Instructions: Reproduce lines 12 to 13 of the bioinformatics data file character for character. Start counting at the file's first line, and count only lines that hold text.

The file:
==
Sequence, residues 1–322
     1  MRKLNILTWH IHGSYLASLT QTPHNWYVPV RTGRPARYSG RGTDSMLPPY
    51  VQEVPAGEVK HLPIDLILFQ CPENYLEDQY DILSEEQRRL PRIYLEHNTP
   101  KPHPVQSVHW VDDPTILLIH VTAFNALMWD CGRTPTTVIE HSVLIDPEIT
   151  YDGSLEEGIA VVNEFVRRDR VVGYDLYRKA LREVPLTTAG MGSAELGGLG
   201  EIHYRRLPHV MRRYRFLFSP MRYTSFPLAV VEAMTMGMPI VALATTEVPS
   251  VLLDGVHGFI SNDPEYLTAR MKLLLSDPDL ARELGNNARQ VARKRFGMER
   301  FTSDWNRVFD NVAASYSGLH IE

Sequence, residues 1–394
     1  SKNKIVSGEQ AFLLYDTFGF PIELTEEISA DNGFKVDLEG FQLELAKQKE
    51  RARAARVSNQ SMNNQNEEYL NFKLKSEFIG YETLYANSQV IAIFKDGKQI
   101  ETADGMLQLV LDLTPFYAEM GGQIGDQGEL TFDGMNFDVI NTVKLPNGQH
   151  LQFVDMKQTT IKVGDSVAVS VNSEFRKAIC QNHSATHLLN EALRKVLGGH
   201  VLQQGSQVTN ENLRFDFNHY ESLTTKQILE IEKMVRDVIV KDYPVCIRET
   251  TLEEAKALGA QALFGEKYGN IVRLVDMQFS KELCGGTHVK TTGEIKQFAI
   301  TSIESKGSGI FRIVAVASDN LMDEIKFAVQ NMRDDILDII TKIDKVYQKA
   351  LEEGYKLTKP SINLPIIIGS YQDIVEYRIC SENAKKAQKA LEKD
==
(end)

   101  ETADGMLQLV LDLTPFYAEM GGQIGDQGEL TFDGMNFDVI NTVKLPNGQH
   151  LQFVDMKQTT IKVGDSVAVS VNSEFRKAIC QNHSATHLLN EALRKVLGGH